I am very protective of my mistress, especially now that Sir Teddie is no longer with us. I am constantly at her side, on the table, in the bed, sitting next to her sprawled across her desk or lying on my back in her arms looking adoringly at her beautiful twinkling eyes. At Teddie’s funeral when all the nobs and chavs were eating us out of manor house and home, I noticed with some dismay, as I sat on the desk on an assortment of correspondence, Captain Tarquin Flemtwangle (Retired) paying a lot of attention to Lady F. In fact he was rather embarrassing the way he kept following her round, topping up her glass and braying like an old diseased donkey at her every sentence and was generally all over her like a bad rash.

When he kissed her goodbye after he had guzzled two bottles of Bollickers finest vintage champers down his greedy fat neck, his lips lingered rather too long by her ears where the Van Cleet and Arse-spells diamond earrings were dangling. I am sure I saw a faint hint of pound note signs in his eyes as he weighed up the worth of the family jewels.  I hissed my disapproval at him from the comfort of Madam’s arm where I was ensconced whilst assisting her to clear the riffraff out of the house after the food and drink had all gone and the funeral party  came to a conclusion. He just ignored me and carried on fawning over Lady Fanny.

A huge bouquet or red roses arrived today from Fartnum's Floral Department. I love red roses, they are absolutely delish. I managed to nibble the edges of about seven of the fifty blooms before they were moved out of my grasp on the dining table to a higher place on the fireplace.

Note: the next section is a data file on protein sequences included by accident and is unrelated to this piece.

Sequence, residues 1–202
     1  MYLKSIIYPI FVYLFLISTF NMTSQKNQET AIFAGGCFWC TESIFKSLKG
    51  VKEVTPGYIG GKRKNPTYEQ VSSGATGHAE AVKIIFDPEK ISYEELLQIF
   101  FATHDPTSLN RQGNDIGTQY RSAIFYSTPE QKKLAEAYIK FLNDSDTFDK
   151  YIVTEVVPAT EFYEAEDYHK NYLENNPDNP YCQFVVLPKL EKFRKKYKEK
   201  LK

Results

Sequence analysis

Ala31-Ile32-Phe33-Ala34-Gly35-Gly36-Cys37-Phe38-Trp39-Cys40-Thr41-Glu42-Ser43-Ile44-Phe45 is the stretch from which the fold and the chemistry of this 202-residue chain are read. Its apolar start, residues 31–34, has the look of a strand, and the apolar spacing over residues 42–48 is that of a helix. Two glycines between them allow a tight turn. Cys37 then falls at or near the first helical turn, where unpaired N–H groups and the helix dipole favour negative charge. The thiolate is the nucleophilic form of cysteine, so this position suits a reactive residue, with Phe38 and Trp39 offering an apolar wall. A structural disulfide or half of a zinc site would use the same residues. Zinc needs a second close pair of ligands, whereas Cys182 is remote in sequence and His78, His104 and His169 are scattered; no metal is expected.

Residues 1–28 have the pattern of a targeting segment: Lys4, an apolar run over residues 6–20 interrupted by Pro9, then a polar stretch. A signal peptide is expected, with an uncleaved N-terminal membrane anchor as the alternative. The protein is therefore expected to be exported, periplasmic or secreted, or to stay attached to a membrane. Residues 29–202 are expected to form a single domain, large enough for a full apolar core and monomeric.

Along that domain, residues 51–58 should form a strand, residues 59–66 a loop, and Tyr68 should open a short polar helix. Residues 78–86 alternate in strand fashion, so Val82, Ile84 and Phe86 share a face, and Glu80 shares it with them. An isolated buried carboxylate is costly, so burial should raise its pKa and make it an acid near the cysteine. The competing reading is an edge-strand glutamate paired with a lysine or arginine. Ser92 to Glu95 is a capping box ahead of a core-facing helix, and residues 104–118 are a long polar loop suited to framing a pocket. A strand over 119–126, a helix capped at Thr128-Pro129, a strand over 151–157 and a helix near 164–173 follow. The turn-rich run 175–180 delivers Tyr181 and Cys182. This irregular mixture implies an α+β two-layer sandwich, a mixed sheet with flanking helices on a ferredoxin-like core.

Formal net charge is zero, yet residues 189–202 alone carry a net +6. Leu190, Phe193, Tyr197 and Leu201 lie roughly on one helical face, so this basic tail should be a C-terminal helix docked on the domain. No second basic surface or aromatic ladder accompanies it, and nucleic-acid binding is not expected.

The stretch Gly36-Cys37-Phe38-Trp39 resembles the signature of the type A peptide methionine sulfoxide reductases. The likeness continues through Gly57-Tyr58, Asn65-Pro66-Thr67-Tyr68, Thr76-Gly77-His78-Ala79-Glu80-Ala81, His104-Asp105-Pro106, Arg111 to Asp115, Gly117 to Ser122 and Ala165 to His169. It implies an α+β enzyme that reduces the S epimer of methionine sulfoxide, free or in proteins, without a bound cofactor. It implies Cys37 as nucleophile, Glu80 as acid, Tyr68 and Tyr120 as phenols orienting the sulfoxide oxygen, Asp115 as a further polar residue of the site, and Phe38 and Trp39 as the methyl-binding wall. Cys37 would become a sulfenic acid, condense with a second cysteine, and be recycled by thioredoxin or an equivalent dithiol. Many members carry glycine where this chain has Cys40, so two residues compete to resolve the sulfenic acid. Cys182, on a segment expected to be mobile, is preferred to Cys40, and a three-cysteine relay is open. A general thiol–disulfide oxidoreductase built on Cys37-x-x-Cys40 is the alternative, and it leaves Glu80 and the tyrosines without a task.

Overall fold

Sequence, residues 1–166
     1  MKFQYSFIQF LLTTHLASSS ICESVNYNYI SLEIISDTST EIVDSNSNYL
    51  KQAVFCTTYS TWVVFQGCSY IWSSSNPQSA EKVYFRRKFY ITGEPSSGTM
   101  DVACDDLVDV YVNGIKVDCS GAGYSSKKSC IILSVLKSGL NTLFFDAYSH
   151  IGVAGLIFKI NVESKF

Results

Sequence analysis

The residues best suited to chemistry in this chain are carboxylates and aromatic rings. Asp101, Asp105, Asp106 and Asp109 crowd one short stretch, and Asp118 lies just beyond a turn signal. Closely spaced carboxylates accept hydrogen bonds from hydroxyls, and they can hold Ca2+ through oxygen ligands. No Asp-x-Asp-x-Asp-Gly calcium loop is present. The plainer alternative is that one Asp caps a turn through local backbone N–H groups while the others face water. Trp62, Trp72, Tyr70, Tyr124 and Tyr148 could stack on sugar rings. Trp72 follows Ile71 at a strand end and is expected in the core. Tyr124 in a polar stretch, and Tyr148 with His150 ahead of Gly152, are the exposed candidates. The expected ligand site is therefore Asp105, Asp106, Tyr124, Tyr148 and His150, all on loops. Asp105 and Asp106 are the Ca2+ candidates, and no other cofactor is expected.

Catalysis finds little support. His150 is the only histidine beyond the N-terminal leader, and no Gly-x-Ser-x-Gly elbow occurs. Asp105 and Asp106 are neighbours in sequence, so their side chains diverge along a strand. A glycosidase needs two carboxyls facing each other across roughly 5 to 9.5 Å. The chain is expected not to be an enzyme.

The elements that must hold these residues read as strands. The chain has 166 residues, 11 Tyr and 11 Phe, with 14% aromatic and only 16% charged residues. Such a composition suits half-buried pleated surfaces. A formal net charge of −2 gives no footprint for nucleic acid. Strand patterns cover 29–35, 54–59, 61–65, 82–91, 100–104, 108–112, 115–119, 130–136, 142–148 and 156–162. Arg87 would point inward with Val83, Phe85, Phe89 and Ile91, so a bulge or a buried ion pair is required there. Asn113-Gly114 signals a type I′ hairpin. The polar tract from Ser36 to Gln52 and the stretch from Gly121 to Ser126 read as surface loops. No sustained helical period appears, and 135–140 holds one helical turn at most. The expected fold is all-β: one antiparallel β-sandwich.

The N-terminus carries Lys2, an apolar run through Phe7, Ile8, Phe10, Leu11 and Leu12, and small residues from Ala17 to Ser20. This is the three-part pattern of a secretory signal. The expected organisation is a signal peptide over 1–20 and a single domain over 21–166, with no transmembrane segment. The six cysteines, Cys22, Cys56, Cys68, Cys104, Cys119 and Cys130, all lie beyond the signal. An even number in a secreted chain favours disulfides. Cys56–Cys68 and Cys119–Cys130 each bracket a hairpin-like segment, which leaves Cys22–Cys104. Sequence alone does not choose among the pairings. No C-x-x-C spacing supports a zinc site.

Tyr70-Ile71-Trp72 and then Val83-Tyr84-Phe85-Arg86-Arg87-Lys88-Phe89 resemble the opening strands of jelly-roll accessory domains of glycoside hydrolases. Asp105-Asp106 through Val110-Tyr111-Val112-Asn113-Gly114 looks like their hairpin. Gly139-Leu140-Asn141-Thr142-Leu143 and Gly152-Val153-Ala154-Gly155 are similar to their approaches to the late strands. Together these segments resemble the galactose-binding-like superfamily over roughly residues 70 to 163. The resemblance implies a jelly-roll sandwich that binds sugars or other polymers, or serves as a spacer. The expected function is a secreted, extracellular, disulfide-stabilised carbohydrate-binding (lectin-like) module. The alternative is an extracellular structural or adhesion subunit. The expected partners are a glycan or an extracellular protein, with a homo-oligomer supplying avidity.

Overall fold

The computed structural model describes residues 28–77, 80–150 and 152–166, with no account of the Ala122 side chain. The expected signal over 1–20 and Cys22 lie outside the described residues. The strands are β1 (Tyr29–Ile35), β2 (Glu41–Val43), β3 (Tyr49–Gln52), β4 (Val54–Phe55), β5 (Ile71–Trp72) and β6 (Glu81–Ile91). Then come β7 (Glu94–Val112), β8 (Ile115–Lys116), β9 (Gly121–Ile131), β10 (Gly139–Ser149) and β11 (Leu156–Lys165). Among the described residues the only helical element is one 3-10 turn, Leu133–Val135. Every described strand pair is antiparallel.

Skrowte is such a spoil sport.

It was only then that I learned that they had been sent by none other than the gold digging Captain himself, no doubt keen to wangle his way into Her Ladyships bed, bloomers and bank account.

A little later in the day, a calling card arrived from the Captain. It looked a bit grubby and well used. Skrowte dusted it off then placed it on the silver salver and handed it to Lady F, who looked at it then placed it beside her on the sofa where I was sitting. A deft flick with my paw soon sent the card flying across the carpet as I look up at Her Ladyship.

I saw a glimmer of an approving smile.

At 4pm the cheeky so and so, Flemtwangle (Retired) clearly not retired from chasing titled women, especially rich ones, arrived at the 14th Century oak doors of Gripewater Grange where he had rather generously invited himself to afternoon tea.

Her Ladyship sighed. Skrowte asked what Madam would like him to do with the uninvited guest who was keen to muscle his way in on the salmon sandwiches and Master Kippled coloured iced fancies that are part of our afternoon tradition. I am always handed a piece of the coloured icing to nibble on. Then when tea has been drunk, the remains of the milk jug are poured into a special bowl on the tea tray then put down for me. Two is company three is a crowd. I looked up imploring Her Ladyship not to invite this rogue into our withdrawing room.

Lady Fanny drew a big breath and told Skrote to be diplomatic, and tell the Captain that Lady Trumpington Trubshaw would not be receiving company.

I jumped down from the horsehair sofa and followed Skrowte to the front door where Captain Tarquin Flemtwangle (Retired) was standing with a plastic rose in his lapel and a box of cheap chocs from the Pound A Pop shop (everything a quid) in his hand

"Her Ladyship regrets that she is unable to entertain you Sir. Between you and me Tarkers," he confided, "she is not your type. She's not an inflatable"

With that he firmly closed the door, looked down at me, winked and strode back into the lounge to pour tea.

One Cat is Company

"One cat is company.
Two cats are a conspiracy. 
Three cats is an attempted takeover.
Four or more cats is a complete coup!"

Shona Steele (Australia)